Saturday, November 1, 2014

Hawaii and Japan, 2014 - 10/31 - Day 15 - Kyoto Castles and Copies

We started the day determined to have a sit-down breakfast, since for the last several days we've been going to bakeries in the morning and grabbing something doughy and fast. On the way to our first stop of the day, Nijo Castle, we found a breakfast diner called Hello and Goodbye which happily proclaimed that they featured American style breakfasts. Well alright then, Kyoto, show me what you've got. Unfortunately, what Hello and Goodbye had was a pretty bizarre take on an American breakfast - scrambled eggs with their whites and yolks more or less entirely seperate, toast with margarine (ick),  cabbage salad (no idea where this one came from), some pieces of deli-sliced turkey-ham, and some watery diner coffee. Ok, at least they got that last part more or less correct. We also got a piece of cheese cake because why not? The owner did seem a little confused about the fact that we ordered that along with the breakfasts, but he also uses cabbage slaw in his American breakfast, so I dont hold his opinion in the highest regard.
One of the resplendent gates at Nijo-jo
After we broke fast, we headed across the street to Nijo-jo, a castle originally built by the Tokugawa Shogunate in 1626. The castle keep suffered a series of disasters and was rebuilt twice since the original construction. Once in 1750, and then again in 1788. It is a large complex, parts of which were even imported from other castles during the original construction. The coolest part of Nijo-jo was the "nightingale floors" of the central building. They are built using special nails that shift in the supports when you walk across them, and they make a noise that sounds remarkably like the musical honks of a nightingale. I recorded it and I'll try to post the sound later when I have access to a program that will let me do that (I'm writing this from my iPad and there's not an elegant way to do it from here.)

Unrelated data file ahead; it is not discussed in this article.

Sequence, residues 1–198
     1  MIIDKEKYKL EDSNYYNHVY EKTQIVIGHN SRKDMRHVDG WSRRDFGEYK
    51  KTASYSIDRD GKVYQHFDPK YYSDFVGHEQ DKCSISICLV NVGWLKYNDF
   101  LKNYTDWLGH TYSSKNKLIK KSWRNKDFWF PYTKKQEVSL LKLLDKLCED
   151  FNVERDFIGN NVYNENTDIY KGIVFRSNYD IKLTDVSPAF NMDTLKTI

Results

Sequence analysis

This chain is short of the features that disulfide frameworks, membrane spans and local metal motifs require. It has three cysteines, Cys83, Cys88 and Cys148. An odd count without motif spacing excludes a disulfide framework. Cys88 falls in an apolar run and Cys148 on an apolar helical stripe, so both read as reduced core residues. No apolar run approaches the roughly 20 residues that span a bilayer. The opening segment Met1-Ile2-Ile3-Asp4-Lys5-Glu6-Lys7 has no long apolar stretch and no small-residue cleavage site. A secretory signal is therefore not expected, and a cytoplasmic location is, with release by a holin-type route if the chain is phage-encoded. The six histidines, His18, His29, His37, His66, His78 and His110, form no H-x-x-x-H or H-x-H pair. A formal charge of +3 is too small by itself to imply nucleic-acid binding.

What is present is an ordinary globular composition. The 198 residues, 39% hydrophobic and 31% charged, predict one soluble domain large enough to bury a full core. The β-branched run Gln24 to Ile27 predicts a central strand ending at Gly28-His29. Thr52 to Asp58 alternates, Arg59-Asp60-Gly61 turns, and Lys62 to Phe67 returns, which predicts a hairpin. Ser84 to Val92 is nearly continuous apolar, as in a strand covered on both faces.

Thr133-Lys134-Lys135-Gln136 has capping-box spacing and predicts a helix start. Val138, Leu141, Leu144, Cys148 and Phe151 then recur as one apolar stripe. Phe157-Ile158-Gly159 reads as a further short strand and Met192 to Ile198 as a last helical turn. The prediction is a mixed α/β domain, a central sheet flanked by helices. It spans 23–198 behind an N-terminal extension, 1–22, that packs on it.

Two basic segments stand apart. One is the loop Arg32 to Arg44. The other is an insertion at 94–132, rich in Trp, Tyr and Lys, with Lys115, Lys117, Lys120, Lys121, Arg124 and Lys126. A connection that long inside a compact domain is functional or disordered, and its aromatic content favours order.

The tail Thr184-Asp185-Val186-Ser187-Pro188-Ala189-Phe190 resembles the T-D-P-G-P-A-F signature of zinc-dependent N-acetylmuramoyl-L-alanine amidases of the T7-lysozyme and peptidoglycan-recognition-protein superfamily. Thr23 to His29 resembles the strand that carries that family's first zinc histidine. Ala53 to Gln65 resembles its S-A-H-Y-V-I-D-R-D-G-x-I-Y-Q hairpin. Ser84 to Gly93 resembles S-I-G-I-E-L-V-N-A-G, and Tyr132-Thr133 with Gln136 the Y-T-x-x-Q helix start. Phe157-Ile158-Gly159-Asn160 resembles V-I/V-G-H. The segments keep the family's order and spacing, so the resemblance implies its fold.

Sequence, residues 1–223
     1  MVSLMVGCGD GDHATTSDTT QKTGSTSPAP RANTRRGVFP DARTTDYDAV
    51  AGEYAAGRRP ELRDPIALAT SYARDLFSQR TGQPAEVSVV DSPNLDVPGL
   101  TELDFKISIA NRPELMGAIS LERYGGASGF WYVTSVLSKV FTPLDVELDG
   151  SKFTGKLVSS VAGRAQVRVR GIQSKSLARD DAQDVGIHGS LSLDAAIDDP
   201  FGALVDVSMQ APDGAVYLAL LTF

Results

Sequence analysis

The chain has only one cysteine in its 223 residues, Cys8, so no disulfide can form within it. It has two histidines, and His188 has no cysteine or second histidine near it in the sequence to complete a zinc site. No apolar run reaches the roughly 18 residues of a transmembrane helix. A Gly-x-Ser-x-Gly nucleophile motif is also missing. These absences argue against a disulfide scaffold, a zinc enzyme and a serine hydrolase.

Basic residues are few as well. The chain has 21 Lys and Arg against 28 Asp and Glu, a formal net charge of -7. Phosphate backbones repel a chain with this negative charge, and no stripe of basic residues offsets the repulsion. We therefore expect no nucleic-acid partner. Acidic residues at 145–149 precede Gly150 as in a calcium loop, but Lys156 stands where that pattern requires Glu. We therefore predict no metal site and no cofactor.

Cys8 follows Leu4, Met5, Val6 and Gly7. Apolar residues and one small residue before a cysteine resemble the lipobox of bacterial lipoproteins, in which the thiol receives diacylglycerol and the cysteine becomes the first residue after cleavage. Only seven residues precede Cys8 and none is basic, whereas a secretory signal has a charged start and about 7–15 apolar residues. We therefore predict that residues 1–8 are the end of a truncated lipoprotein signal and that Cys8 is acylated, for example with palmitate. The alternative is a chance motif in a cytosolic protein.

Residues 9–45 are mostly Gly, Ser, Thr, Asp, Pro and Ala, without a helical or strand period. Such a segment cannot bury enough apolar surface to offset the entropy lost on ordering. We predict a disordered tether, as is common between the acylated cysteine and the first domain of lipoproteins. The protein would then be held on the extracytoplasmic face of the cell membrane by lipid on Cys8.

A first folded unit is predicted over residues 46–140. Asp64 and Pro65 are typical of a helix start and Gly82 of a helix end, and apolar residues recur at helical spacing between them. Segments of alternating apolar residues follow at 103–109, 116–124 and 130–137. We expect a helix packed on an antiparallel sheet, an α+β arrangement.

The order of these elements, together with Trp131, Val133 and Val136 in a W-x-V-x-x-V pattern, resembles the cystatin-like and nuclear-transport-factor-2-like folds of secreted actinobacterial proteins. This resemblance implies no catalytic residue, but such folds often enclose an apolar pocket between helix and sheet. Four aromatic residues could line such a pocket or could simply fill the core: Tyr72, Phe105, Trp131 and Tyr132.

Ginkaku-ji, the Silver Pavilion. Not quite as jazzed up
as its older twin.
From Nijo castle we took the bus out to the Philosopher's Walk, a stone pathway running along a canal on the western edge of Hirashiyama. It was given its name because a prominent professor at the University of Kyoto in the early 20th century used to frequent it. It connects several of the shrines and temples in the region and is lined with shops and food stalls. Apparently it is gorgeous in the Spring due to all the cherry trees that line the path, though I have only seen it in early Autumn and mid-Winter and it was pretty enough even then. We walked the path up to Ginkaku-ji, the silver pavilion, which is a less  spectacular version of its older twin, Kinkaku-ji, the golden pavilion. Kinkaku-ji was created by son of the creator of Ginkaku-ji, and he *did* have plans to foil the building in silver to match the gold of its twin, but a war got in the way of his plans and then he died, and well the whole silver part of the silver pavilion just never quite got around to happening. While that bit is a little disappointing, the best thing that Ginkaku-ji is its gorgeous grounds, which are even better than its older twin's, much lusher and more beautiful in every season.